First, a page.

Unless you chimney has holes or large cracks you don't need a liner, stainless or otherwise. If it drafts well, you are fine.
Nothing is impossible for people who don't have to do it themselves.


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SMITTY
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Post Mon. Feb. 03, 2014 11:34 am

I agree - been running coal for going on 9 years now in an unlined, crumbling masonry chimney, with two 45° jogs in it in 2 different directions. No smell on the second floor ever, either. If I yanked on any one of those bricks with my bare hands, they would slide right out. :lol:
The laws that forbid the carrying of arms...disarm only those who are
neither inclined nor determined to commit crimes. ...Such laws make things worse
for the assaulted and better for the assailants, they serve rather to
encourage than to prevent homicides, for an unarmed man may be attacked with
greater confidence than an armed man."

- Thomas Jefferson, quoting 18th century criminologist Cesare Beccaria in "On
Crimes and Punishment."

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Post Mon. Feb. 03, 2014 12:18 pm

Hey Smitty, I'm running the same type of old chimney (45 ft interior to the house) , no liner and it works great. I just clean out the bottom, and the thimbles in the spring and the stove of course. Sometimes have too much draft, -.05.-.06 when really cold and burning really hot.
- Dave
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lsayre
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Post Mon. Feb. 03, 2014 5:15 pm

The AL29-4c stainless steel alloy idea interested me so I emailed Selkirk about it. They said it will not meet code for use with coal and they do not recommend it.
-Larry

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mills4135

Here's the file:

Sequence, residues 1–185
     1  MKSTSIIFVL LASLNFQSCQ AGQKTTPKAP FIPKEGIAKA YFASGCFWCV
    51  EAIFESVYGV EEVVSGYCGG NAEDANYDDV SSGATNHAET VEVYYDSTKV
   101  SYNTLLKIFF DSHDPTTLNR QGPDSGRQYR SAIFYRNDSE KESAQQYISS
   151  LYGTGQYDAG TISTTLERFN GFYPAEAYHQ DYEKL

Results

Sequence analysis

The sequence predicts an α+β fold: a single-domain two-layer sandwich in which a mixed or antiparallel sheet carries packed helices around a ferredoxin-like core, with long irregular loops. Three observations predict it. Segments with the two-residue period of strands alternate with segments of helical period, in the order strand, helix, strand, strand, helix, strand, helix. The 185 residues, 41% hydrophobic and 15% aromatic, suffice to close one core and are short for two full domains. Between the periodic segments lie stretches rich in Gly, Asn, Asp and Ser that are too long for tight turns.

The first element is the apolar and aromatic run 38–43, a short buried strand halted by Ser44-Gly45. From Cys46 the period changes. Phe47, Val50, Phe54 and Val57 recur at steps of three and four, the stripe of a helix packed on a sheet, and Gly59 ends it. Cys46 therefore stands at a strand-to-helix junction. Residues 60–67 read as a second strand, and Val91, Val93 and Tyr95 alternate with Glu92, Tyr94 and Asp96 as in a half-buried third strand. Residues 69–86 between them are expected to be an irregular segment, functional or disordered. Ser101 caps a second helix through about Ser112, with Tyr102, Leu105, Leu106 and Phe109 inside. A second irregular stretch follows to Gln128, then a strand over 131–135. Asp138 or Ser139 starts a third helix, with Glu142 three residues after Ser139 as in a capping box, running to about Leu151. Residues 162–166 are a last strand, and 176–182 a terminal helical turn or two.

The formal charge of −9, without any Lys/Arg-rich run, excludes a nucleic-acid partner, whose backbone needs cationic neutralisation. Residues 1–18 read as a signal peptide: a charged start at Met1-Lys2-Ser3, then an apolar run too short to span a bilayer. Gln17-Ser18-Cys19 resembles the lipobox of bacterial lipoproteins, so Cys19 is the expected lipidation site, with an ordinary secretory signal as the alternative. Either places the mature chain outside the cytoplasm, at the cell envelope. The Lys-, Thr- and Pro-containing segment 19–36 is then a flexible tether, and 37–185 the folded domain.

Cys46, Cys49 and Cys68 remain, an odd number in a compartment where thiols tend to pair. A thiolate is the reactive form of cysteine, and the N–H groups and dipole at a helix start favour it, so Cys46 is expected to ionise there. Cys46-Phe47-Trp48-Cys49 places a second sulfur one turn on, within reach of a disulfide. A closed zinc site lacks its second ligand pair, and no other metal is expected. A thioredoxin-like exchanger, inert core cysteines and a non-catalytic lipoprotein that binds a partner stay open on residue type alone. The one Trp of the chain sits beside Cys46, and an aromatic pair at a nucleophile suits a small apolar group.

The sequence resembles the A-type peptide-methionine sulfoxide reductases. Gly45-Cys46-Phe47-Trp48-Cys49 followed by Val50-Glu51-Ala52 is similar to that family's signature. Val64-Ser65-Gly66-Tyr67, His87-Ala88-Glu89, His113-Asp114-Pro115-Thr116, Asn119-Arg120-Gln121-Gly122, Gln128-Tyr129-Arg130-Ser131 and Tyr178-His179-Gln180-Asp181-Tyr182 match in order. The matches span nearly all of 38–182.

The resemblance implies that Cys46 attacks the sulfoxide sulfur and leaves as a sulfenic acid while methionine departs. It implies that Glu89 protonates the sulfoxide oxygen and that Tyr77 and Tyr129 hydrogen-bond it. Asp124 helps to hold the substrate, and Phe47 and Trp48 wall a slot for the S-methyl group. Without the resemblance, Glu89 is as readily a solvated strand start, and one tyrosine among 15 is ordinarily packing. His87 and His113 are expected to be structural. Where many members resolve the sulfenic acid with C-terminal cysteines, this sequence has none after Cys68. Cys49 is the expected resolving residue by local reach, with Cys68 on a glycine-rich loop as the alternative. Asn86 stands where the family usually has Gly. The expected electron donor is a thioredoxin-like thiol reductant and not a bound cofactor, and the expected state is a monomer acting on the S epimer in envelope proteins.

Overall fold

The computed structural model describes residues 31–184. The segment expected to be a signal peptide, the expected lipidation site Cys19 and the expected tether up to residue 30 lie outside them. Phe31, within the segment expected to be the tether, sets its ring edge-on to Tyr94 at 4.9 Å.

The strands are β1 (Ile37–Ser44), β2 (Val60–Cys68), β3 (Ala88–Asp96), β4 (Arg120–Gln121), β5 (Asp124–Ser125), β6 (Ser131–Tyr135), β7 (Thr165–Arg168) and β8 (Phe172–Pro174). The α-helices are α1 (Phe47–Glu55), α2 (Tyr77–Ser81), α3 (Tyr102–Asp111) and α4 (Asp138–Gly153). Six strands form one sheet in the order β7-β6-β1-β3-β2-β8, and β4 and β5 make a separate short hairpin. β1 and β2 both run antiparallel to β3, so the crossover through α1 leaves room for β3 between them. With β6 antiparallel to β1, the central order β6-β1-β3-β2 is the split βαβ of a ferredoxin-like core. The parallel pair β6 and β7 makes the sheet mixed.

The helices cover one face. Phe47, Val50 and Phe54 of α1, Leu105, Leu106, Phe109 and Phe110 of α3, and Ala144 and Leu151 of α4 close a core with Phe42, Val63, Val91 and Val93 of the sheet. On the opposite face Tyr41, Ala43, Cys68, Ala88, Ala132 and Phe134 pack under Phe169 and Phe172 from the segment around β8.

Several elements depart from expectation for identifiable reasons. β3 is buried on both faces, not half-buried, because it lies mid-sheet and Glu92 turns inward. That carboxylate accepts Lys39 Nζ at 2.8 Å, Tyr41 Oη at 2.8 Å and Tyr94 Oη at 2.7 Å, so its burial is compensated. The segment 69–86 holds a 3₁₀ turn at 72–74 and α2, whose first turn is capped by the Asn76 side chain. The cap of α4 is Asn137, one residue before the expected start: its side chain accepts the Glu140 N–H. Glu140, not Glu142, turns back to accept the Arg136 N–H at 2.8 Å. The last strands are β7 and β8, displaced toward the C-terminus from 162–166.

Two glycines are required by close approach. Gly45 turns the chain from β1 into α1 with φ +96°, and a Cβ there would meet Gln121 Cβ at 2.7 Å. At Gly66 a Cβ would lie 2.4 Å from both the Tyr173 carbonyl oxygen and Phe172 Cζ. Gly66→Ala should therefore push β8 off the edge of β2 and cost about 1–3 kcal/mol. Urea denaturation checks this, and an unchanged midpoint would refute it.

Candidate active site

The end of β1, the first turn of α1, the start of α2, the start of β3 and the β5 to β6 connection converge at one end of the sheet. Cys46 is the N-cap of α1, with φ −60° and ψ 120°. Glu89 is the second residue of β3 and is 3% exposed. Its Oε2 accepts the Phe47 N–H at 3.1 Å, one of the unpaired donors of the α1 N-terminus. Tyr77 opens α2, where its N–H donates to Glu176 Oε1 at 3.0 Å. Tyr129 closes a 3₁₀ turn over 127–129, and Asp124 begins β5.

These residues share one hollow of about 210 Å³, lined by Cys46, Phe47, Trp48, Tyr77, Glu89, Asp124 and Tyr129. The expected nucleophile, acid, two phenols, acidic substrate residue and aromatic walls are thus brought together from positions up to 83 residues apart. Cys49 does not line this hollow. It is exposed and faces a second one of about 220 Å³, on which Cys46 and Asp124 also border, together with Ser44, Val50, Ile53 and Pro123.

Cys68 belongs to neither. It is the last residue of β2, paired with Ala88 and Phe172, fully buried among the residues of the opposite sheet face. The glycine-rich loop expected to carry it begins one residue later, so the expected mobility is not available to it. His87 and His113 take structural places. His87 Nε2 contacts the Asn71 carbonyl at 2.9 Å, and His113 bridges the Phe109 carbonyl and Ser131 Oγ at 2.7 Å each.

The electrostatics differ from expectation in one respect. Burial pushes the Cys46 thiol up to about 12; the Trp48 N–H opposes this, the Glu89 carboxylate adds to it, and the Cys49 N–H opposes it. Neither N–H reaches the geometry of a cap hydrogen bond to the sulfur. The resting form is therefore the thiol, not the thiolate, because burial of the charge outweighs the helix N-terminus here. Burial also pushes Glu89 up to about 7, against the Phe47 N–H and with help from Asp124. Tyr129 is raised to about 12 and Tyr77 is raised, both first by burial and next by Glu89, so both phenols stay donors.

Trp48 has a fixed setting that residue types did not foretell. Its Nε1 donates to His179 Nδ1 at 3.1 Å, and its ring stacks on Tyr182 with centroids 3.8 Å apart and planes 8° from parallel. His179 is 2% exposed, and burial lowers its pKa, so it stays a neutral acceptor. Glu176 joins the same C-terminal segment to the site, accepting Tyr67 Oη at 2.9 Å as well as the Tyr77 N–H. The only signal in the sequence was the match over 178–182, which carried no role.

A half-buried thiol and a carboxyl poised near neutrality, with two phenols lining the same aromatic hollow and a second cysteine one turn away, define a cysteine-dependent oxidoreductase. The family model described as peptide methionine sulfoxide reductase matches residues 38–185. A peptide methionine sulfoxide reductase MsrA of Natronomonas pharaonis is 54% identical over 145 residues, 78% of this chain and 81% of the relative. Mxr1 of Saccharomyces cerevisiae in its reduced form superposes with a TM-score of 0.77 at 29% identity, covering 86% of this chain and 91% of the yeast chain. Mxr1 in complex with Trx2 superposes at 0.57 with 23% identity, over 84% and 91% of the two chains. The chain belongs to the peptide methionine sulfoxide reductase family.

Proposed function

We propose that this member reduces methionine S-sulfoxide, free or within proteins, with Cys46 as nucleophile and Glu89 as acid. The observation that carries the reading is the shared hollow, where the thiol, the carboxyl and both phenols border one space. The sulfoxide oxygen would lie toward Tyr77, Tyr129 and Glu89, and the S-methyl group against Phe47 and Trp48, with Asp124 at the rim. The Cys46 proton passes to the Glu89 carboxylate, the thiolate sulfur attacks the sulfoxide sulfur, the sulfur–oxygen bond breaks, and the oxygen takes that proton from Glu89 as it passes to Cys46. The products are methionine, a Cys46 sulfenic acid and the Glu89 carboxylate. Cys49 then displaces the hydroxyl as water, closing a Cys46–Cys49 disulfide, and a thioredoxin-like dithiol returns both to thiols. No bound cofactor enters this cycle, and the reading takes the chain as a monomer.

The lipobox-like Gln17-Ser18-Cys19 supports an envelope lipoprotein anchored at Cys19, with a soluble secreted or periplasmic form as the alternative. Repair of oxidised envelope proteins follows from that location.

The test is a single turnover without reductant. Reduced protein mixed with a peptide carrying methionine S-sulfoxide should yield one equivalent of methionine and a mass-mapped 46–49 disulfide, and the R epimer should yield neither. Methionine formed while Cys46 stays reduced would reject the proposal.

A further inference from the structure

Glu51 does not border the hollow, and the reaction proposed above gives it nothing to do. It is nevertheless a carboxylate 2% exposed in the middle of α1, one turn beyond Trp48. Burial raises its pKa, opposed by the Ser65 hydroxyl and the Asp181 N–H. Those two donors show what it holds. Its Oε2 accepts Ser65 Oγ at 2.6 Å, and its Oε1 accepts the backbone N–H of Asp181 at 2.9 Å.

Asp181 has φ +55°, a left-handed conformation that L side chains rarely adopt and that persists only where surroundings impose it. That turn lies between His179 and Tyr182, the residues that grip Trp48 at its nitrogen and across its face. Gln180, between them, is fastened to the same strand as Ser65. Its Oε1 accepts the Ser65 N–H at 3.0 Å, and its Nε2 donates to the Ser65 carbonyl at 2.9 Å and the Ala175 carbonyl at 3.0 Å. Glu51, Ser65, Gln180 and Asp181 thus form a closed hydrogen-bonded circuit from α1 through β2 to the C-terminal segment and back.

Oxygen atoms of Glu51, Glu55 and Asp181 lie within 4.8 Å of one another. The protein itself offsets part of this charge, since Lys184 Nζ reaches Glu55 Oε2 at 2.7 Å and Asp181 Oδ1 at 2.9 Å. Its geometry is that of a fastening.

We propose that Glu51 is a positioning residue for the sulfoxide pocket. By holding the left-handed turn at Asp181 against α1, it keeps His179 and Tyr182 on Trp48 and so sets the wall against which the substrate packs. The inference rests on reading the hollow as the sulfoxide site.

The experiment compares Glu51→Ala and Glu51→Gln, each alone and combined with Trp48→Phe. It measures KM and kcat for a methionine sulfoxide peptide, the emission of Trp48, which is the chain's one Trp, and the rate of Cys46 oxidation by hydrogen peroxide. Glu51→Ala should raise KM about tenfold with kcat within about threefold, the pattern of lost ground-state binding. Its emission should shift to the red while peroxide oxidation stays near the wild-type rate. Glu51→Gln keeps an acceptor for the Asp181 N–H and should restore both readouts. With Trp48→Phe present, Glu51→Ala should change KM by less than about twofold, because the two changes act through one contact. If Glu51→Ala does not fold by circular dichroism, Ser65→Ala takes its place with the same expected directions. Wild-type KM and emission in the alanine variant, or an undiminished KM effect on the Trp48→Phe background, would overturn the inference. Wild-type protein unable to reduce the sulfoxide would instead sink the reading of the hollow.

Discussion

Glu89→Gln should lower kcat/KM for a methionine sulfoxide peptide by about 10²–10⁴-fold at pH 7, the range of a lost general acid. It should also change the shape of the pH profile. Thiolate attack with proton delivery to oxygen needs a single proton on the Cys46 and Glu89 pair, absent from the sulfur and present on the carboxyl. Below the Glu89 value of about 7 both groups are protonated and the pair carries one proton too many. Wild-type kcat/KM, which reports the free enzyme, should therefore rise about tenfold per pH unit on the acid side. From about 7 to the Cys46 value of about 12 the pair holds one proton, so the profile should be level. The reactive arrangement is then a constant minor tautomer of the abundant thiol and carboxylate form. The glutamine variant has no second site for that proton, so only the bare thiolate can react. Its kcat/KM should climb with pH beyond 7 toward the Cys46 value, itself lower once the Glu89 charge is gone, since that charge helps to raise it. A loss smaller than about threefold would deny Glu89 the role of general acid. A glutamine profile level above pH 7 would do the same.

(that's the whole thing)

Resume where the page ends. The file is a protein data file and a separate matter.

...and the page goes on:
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Post Mon. Feb. 03, 2014 5:48 pm

Larry what about the316Ti S.S. liner does it meet code for coal? Regards mills4135

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Berlin
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Post Mon. Feb. 03, 2014 6:00 pm

yes, it will meet code. However, it's not what's best. "Code" currently doesn't understand what's best and neither do the liner mfgr's. The best thing you could have is a tile lined masonry stack, the second best with coal is an unlined stack that drafts properly and is in sound shape. Stainless liners don't make things safer with coal and may increase danger because of potential rot, collapse, and subsequent flue blockage.
Burning western Pennsylvania Bituminous in WNY using model 77 stoker furnace. BITUMINOUS equiptment: 2 hand fired stoves of my own design, Many Combustioneer Model 77 stokers, stokermatic furnace, Many Will-Burt stokers, & and Two Iron firemen.

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scalabro
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Post Mon. Feb. 03, 2014 6:05 pm

lsayre wrote:The AL29-4c stainless steel alloy idea interested me so I emailed Selkirk about it. They said it will not meet code for use with coal and they do not recommend it.
The funny thing about codes is that I find they are enforced by the whim of the inspector signing off on the job.

Where I live I had to have a "liner".... The 9x13 tile liner was not good enough according to the fire chief and building inspector!

The fire chief thought that the flue would be too large and not supply sufficient draft under the right conditions.

You only "need" to have common sense and what the building inspector requires :mrgreen:

Doesn't matter 'cause after spending time reading this forum I knew I had to become a coalie at any cost!

I'll keep everyone posted on the condition of my AL29 liner after every cleaning/inspection so all can benefit

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davidmcbeth3
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Post Mon. Feb. 03, 2014 6:59 pm

SMITTY wrote:I agree - been running coal for going on 9 years now in an unlined, crumbling masonry chimney, with two 45° jogs in it in 2 different directions. No smell on the second floor ever, either. If I yanked on any one of those bricks with my bare hands, they would slide right out. :lol:
Mr. Safety has spoken ;)